Reflexive verbs – I verbi riflessivi

No more fears of the reflexive verbs! I will show you how to add some two letter words in your sentences and you will share all about you and your daily activities.

Reflexive pronouns and verbs are related to each other. If we want to give a definition to the reflexive pronouns, you could say that we use a reflexive pronoun after a transitive verb when the direct object is the same as the subject of the verb. In other words, we can say that reflexive pronouns are used when the action of the verb falls back on the subject of the verb. Sounds complicated? Well it’s not!

Here some examples:

Lavarsi (Washing yourself)
(Enjoy yourself)
Farsi male
(Hurt yourself)
Vestirsi/Spogliarsi (Dress/Undress yourself)
(Meet each other)
(Fall in love with each other)
Baciarsi (Kiss each other)
(Marry each other)
You may have noticed something strange. Usually verbs look like:

Lavare (1st conjugation)
Vedere (2nd conjugation)
Divertire (3rd conjugation)

So how do they become reflexive verbs?

You just have to drop the final –e and add a –si.

reflexive verbs


This is how it works for the infinitive form and it’s always like this. No exceptions.

Then we have the conjugation. When you conjugate the reflexive verbs, you have to add a two letter word in front of the reflexive verb to show who is doing the task. Those little words are:


reflexive pronouns


And they are called reflexive pronouns.

Now we can see a couple of examples to see how the conjugation looks like. Let’s start with the verb vestirsi = to dress oneself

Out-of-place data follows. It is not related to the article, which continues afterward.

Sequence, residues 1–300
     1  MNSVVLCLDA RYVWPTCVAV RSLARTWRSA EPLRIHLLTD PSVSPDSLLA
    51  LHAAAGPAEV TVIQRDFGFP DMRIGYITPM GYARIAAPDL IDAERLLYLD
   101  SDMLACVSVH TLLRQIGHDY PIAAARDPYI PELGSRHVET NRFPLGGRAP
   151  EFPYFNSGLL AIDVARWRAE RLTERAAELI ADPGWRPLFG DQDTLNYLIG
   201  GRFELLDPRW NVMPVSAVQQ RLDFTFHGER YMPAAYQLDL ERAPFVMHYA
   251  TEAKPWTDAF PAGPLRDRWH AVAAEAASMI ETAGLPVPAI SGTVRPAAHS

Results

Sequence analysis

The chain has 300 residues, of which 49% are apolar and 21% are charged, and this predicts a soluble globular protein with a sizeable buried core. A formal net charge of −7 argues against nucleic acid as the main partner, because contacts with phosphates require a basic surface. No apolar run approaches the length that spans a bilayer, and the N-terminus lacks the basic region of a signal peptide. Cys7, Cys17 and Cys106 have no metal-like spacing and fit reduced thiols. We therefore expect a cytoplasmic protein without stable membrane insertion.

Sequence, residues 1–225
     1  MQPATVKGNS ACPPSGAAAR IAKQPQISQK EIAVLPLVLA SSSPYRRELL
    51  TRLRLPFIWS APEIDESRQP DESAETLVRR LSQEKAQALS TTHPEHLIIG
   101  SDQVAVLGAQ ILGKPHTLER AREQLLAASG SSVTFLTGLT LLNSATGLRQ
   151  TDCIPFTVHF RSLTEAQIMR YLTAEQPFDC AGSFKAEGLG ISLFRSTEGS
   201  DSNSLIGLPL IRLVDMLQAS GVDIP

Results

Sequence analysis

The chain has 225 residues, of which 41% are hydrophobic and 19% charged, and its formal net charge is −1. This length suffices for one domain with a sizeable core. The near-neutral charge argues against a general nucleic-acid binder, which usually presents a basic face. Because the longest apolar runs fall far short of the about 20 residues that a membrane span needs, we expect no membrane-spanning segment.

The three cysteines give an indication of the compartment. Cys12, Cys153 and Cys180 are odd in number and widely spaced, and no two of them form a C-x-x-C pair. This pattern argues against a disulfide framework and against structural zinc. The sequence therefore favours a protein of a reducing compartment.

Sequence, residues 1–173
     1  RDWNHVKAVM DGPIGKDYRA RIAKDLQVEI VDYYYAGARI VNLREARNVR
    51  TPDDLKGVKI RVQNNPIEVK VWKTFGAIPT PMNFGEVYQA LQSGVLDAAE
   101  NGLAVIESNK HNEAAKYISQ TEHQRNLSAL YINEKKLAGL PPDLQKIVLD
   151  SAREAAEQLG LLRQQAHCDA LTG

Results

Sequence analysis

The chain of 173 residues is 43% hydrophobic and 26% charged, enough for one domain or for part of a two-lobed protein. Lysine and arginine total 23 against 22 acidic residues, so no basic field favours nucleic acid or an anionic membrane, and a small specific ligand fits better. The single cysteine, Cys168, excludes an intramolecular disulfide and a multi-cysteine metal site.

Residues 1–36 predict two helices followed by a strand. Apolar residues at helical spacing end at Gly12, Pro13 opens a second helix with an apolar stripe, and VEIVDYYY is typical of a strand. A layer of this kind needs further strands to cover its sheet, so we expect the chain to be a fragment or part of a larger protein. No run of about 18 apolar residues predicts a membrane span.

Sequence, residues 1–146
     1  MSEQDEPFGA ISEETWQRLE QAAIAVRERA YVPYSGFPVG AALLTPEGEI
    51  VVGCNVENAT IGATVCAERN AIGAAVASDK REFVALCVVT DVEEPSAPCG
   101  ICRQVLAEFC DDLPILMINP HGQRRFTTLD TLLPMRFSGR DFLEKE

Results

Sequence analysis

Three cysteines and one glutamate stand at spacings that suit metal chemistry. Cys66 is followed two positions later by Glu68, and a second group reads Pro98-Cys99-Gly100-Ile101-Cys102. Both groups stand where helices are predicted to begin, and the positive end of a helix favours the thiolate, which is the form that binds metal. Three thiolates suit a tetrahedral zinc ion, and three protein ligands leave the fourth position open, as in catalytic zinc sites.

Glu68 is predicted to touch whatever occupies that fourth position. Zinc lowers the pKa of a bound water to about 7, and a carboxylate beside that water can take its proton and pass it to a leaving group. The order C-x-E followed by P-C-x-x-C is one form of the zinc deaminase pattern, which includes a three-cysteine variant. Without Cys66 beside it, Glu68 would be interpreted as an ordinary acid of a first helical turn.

vestirsi conjugation


Did you notice something? You conjugate the verb in the same way as you do with the present tense in Italian. The only difference between the reflexive verbs and the other verbs in the present tense, are the reflexive pronouns. But the conjugation of the verb itself stays the same.

Let’s see another example using the verb sentirsi = to feel

sentirsi conjugation

So we have sentire (to hear) and sentirsi (to feel); lavare (to wash) and lavarsi (to wash oneself); vedere (to see) and vedersi (to see each other) and so on…

Ci sentiamo is an idiomatic expression that means “we’ll hear from each other soon”, in other words, “we’ll keep in touch”.

Here a list of other reflexive verbs to use in everyday life:

Svegliarsi (to wake up)
Alzarsi (to get up)
Mettersi (to put on yourself)
Riposarsi (to rest)
Addormentarsi (to fall asleep)
Sedersi (to sit down)

Now you just need to know where to put the reflexive pronoun in the sentence. They usually precede the verb.

For example: mi lavo = I wash myself

If the verb is in the infinitive form, the pronoun is attached to the ending of the verb dropping the final –e of the verb.

For example: vado a lavarmi = I go to wash myself

In a negative sentence, you have firstly the negative non and then the pronoun that is placed after non and before the verb.

For example: non mi lavo = I don’t wash myself

Choose the correct reflexive pronoun

Noi siamo stanchi e non ______ alziamo!

  1. a) ci
  2. b) vi
  3. c) ti
  4. d) mi

Luca oggi ha lavorato molto e _____ è già svestito per andare a dormire.

  1. a) ci
  2. b) si
  3. c) mi
  4. d) ti

In questa stanza fa caldo. Perché non _____ togliete i maglioni?

  1. a) ci
  2. b) si
  3. c) ti
  4. d) vi

In fondo alla sala ci sono dei posti liberi. Perché non ______ sediamo lì?

  1. a) ti
  2. b) vi
  3. c) ci
  4. d) si

Non ________ togliere il cappotto perché dobbiamo riuscire subito.

  1. a) ti
  2. b) mi
  3. c) ci
  4. d) vi

Thank you for reading the article, if you find it useful, you could like it or leave a comment. And don’t forget that you can write your exercises in a comment to have the correction.



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